Gaming UX Research: 5 Lessons to Level-up User Experiences Across Industries

Posted by Ali Smith on Jul 18, 2023

In the fast-paced world of user experience (UX) research, teams are constantly seeking innovative methodologies and approaches to better understand user interactions with products and services. Each industry often has its own set of unique practices and caveats, however the domain of Gaming UX Research offers valuable insights and strategies that can be applied to UX research in other industries. 

AnswerLab’s team of Gaming UX Research subject-matter experts include team members who also have extensive backgrounds conducting research in other industries such as financial services, healthcare and pharmaceutical, social media, technology, SaaS, and more. 

Below are five lessons learned from Gaming UX Research principles that can transcend boundaries and benefit industries beyond gaming. When thinking about these lessons, we can break them down into the three main phases of a research project: prep, fieldwork, and analysis. 

The Prep Phase 
Embrace becoming an ‘expert’ in the subject matter.

When preparing to conduct research on a new topic, researchers often adopt a learner’s mindset or a ‘let the participant teach you’ approach. In qualitative discussions, this takes the shape of avoiding acknowledging prior understanding or interest of the subject matter. This can be helpful at times, particularly when studying first-time user experiences because it allows researchers to observe and learn directly from participants, letting them guide us to insights that might be overlooked by an expert. 

However, within Gaming UX Research, being an expert in the subject matter is advantageous. Your expertise helps you to ask more informed and targeted questions, understand the nuances of gameplay mechanics, and quickly recognize potential usability issues. Gaming is a sector where learning the lingo and becoming ingrained in its culture hold valuable stock.

Participants become noticeably more enthusiastic and detailed in their responses when researchers  acknowledge their own gaming experiences, for instance, their own experience playing a specific genre of game, watching a competitive streamer, or becoming familiar with common gaming acronyms.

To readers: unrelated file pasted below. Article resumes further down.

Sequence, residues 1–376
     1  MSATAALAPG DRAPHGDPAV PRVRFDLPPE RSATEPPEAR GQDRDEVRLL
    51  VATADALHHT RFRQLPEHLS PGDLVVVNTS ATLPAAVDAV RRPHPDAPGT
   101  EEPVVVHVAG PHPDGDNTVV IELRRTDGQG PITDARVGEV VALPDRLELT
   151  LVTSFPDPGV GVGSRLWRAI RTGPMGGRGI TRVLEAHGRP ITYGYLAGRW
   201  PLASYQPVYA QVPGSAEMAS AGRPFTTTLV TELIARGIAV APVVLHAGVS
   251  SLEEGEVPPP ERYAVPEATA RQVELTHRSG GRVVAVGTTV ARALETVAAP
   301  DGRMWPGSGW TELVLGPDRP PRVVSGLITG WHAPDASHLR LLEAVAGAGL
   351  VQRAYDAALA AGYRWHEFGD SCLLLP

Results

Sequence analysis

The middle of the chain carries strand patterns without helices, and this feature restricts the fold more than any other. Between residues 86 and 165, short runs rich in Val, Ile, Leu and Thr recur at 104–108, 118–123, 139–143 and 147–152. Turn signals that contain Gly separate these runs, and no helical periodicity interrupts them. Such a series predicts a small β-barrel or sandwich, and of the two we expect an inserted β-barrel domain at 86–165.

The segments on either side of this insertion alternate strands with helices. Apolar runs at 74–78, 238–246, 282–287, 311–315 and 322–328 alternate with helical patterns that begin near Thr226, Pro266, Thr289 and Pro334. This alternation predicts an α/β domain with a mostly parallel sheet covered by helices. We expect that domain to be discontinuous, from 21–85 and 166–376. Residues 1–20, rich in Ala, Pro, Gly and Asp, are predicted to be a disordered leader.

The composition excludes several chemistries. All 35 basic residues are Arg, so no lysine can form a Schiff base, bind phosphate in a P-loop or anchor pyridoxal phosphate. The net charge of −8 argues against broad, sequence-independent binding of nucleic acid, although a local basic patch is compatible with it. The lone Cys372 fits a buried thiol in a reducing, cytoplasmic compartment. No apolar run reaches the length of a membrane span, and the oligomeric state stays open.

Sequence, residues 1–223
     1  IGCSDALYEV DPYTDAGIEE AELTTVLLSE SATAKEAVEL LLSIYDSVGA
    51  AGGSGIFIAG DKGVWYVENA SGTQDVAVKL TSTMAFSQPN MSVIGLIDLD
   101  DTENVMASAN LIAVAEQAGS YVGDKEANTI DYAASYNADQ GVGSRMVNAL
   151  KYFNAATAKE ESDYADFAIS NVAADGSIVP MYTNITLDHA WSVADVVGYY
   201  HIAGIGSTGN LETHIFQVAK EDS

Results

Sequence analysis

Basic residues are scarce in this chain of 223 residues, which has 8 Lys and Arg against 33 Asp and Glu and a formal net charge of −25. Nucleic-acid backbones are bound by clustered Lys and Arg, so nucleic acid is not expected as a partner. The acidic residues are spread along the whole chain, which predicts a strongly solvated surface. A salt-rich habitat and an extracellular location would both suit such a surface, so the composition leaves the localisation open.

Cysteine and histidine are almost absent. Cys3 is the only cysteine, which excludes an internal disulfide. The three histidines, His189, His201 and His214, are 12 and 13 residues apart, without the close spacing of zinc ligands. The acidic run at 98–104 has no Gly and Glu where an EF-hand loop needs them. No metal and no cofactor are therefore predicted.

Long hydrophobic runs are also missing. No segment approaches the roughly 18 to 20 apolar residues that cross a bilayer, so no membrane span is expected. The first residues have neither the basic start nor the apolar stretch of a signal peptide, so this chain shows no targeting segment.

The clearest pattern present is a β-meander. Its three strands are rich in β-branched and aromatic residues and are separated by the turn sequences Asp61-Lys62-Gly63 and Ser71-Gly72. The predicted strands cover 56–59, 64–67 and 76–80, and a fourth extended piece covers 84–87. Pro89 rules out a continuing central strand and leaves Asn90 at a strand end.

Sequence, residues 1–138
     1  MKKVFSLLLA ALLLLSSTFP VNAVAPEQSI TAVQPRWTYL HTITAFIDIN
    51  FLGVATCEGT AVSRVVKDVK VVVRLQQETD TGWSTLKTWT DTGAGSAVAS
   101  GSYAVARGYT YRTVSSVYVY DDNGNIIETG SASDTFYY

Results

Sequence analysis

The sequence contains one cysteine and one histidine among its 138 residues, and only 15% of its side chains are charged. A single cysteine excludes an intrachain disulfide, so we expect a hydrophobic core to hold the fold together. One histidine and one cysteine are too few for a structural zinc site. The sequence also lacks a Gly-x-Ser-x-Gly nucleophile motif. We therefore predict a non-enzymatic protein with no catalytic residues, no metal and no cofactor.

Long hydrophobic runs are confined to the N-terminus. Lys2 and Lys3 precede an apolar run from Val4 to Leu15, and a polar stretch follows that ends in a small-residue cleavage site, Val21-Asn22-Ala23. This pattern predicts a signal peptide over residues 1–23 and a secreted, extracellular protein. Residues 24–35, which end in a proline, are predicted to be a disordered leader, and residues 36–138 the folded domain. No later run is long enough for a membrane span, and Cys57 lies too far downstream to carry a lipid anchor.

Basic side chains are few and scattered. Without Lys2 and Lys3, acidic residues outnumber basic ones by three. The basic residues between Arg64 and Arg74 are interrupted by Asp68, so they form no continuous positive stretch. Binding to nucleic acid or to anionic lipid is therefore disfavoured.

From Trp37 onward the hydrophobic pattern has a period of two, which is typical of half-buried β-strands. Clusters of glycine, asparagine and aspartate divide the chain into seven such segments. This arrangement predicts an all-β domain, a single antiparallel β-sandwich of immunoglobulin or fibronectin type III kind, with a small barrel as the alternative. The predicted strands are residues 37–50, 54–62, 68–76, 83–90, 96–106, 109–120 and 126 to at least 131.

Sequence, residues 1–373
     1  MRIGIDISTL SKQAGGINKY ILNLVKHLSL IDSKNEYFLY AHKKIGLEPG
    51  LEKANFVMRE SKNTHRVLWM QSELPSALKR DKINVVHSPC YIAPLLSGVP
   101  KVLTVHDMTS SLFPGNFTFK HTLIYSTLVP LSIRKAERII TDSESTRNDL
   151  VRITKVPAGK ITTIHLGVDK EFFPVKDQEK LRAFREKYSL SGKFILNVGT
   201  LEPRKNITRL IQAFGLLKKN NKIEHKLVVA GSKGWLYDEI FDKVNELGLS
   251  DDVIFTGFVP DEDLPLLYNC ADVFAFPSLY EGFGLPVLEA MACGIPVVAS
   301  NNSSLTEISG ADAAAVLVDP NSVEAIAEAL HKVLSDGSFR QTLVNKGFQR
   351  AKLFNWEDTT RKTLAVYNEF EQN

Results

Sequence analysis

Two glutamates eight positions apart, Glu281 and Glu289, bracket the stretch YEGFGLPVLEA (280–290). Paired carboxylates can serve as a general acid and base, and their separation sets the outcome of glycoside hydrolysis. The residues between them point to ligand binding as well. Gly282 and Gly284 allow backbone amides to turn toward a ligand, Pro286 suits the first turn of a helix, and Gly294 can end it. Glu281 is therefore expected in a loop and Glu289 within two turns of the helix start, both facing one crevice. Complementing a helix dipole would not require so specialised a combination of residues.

There is an exchange that occurs – a sort of rite of passage – that unlocks a deeper layer of trust and engagement with participants, that leads to more accurate and rich findings. 

Taking this approach in other industries can be beneficial as well. For example, when conducting research in finance and FinTech, being comfortable with stock and crypto lingo can help researchers decipher a gold mine of insights from participants

In gaming, knowing the lingo helps signal to others you’re an insider and they can relax and trust you to handle the task at hand. For example, understanding the question ‘Are you a runner or add clear?’ can make all the difference from allowing you to contribute to a goal or being kicked from a team. UX Research in other industries is often the same -demonstrating linguistic competence is a great first step to building trust and honest communication.
- Nelson S., Senior UX Researcher at AnswerLab   

Challenge assumptions about who your participants should be, and ensure proper representation. 

Gaming UX illustrates a research principle that is critical across industries: the inclusion of a diverse sample of participants. We should aim to look beyond recruiting participants who are the loudest, most intuitive or obvious perceived target audience for that product to get our clients the insights they truly need. 

Historically, gaming has been perceived as a male-dominated activity. Gaming was often marketed towards a male audience, leading to various stereotypes. However, according to the Entertainment Software Association’s 2021 Essential Facts About the Video Game Industry report, 48% of gamers in the United States are actually women. 

We’ve heard from female gamers that conducting gaming research among women to understand ‘the female experience’ is not enough. Instead, this research can and should account for the intersectionality of the human experience. Gamers are more than just their gender – the interwoven layers of their identity are all at play when generating opinions and behaviors around products.

Participants have cited aspects like their sexual orientation, race, ethnicity, age, and more as critical drivers in the decisions they make. This same sentiment should be consistently in mind for other industries as well, which is why AnswerLab’s recruitment team created an Inclusive Recruiting How-To Guide for research teams.

By challenging assumptions and including individuals of differing perspectives, researchers gain a more holistic understanding of user needs and preferences. 

Asset 4

The Fieldwork Phase 
Embrace the possibility to mimic playtesting in non-gaming environments. 

UX researchers have often been taught to conduct usability testing in similar ways:

> Have participants start going through a flow
     > Pause after Screen 1 and ask probing questions
          > Continue going through the flow
               > Pause after Screen 2 and ask probing questions